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Telomerase and cell senescence: modulation by telomerase of cellular responses to damage in normal human primary skin keratinocytes and fibroblasts

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Telomeres protect the ends of chromosomes, which contain the DNA that comprises the genetic information. Without telomeres and their special way of replicating, chromosome ends dwindle away and also are easily damaged. Loss of telomere function promotes cancer and may occur in human aging. Most enzymes – the catalysts that carry out life's chemical reactions – are made of protein. In contrast, the enzyme telomerase, which replenishes the DNA at telomeres and protects them, is a ribonucleoprotein complex consisting of core components – a protein reverse transcriptase and the telomerase RNA moiety – as well as additional protein factors that regulate the action of telomerase on telomeres.

A major known function of telomerase is to elongate telomeric DNA. This function is achieved by the enzyme copying a short template sequence within the inbuilt telomerase RNA, into telomeric DNA repeat sequences. The mechanism of telomerase has been analyzed and telomerase has been shown to be a dimeric enzyme. Functional dimerization of human telomerase requires a novel RNA–RNA interaction between two telomerase RNA molecules in the same enzyme complex. Telomeric repeats are added to the end of the chromosomal DNA by telomerase, elongating the chromosome and thus compensating for losses of terminal DNA that occur upon nuclease action and incomplete DNA replication of the ends of the chromosomal DNA.

However, telomerase is largely repressed in proliferating cultured human fibroblasts or after a few passages of culturing of primary human keratinocytes. The normal senescence of such fibroblasts and other human cell types in culture can be overcome by forced expression of telomerase in these cells. The lifespan of the cells is extended and they grow healthily, generally without evidence of impairment to DNA checkpoint pathways.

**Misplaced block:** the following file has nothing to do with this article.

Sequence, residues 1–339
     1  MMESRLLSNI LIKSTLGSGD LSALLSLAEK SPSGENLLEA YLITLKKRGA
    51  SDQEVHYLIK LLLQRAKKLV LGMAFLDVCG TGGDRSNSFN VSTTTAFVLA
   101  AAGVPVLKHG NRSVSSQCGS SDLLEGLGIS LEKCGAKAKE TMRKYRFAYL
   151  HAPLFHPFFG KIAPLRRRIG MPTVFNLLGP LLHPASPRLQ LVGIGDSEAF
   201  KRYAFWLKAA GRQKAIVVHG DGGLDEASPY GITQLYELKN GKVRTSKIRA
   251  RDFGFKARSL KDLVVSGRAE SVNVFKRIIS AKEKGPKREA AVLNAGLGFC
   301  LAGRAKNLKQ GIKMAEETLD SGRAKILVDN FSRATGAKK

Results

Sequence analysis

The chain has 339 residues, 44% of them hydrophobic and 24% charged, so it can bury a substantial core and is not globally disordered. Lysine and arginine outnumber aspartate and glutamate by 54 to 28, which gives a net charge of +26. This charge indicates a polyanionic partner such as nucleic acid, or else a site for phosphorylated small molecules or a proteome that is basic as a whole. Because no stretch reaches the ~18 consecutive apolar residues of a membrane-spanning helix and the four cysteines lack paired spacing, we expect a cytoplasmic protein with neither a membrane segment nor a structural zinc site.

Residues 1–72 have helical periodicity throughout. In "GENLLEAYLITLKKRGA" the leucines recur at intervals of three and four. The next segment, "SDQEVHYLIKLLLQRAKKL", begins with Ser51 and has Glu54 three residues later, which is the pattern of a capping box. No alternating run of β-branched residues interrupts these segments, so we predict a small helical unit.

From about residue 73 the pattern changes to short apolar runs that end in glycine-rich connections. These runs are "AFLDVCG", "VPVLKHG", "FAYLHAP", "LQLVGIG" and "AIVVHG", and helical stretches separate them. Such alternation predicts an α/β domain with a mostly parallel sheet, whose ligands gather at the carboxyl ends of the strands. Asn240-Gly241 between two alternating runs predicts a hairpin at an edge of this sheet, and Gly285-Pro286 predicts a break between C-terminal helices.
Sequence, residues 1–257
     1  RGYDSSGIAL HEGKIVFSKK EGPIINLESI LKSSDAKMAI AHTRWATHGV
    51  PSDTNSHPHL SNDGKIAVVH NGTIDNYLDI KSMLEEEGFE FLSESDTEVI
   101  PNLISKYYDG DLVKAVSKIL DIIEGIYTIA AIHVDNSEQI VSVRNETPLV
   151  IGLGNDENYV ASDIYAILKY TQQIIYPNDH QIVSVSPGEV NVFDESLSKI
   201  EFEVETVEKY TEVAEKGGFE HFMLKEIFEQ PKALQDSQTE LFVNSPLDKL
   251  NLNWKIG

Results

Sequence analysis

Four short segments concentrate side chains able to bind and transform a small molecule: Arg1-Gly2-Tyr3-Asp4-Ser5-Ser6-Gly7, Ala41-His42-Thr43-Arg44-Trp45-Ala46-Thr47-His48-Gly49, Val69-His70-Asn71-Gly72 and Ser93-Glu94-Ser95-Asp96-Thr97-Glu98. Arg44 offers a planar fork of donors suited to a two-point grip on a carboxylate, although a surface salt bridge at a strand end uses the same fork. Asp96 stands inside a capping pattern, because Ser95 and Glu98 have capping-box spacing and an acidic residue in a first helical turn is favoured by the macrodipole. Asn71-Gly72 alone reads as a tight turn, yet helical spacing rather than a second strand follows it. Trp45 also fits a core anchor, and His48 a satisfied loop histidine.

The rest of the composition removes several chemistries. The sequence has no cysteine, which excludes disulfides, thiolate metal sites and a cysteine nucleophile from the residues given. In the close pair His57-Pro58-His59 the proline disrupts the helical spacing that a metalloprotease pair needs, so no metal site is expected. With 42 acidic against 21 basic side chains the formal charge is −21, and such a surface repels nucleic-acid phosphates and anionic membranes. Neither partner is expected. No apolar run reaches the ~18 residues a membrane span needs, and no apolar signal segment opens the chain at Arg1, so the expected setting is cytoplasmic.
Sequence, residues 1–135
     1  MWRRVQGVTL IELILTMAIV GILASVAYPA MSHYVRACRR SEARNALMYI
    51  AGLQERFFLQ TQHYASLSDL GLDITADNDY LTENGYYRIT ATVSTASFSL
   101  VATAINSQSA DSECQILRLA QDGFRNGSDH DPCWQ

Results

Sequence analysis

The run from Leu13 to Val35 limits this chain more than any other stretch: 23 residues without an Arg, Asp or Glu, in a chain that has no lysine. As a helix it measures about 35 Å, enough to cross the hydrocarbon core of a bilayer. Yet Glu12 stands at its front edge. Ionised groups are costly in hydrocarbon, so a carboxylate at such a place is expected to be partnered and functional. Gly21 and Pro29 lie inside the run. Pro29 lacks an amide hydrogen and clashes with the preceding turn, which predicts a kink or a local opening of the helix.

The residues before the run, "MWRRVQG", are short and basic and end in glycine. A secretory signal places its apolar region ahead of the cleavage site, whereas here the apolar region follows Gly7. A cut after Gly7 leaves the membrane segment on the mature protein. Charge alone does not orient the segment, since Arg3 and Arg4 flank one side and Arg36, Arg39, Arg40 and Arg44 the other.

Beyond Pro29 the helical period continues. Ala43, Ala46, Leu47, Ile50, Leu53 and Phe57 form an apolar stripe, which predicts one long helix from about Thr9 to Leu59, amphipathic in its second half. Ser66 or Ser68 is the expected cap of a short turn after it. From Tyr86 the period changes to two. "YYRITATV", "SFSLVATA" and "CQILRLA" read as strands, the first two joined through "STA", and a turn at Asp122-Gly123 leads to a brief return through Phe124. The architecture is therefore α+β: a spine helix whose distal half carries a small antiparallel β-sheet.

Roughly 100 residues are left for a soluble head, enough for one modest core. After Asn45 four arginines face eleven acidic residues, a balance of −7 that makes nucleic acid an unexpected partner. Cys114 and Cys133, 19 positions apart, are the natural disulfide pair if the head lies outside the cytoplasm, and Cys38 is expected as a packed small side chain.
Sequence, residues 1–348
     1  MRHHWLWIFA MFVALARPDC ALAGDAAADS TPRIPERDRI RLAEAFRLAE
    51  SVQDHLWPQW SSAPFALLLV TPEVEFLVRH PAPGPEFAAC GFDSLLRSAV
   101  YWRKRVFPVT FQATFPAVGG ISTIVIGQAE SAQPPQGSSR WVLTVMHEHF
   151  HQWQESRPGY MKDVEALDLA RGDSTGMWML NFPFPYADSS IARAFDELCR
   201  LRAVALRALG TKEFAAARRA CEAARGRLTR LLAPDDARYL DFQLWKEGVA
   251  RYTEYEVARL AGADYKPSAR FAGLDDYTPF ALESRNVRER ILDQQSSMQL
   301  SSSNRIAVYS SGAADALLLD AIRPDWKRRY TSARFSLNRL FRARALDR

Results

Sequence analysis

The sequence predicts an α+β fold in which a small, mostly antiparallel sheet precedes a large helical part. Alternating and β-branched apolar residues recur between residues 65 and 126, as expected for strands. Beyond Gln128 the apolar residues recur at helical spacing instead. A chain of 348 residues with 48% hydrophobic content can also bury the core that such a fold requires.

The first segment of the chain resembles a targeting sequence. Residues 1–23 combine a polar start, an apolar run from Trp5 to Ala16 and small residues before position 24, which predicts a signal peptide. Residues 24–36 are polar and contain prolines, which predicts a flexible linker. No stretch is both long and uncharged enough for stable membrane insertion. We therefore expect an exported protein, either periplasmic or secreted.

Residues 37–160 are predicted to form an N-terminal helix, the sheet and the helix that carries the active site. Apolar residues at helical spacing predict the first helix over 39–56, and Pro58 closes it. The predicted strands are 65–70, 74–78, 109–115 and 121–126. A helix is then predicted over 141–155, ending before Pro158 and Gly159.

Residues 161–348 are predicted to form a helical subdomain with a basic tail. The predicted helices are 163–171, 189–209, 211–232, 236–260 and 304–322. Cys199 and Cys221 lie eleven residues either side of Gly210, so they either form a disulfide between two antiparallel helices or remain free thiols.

We analyzed the effects of forced expression of telomerase on the growth characteristics and sensitivity to ultraviolet (UV) irradiation of primary human cells in culture. Normal primary human foreskin epithelial keratinocytes and fibroblasts were stably infected with retroviral vector expressing various versions of hTERT (the reverse transcriptase protein component of telomerase), or the control empty retroviral vector pBABEpuro. Cells selected for the puromycin drug resistance marker were continuously passaged in puromycin-containing media, and their telomeres, cell growth and cell viability analyzed. The responses of such cells expressing telomerase to different challenges, including UV exposure were analyzed and found to differ from those of control cells.
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Document Type: Abstract

Affiliations: Department of Biochemistry and Biophysics, University of California, San Francisco, U.S.A.

Publication date: April 1, 2004

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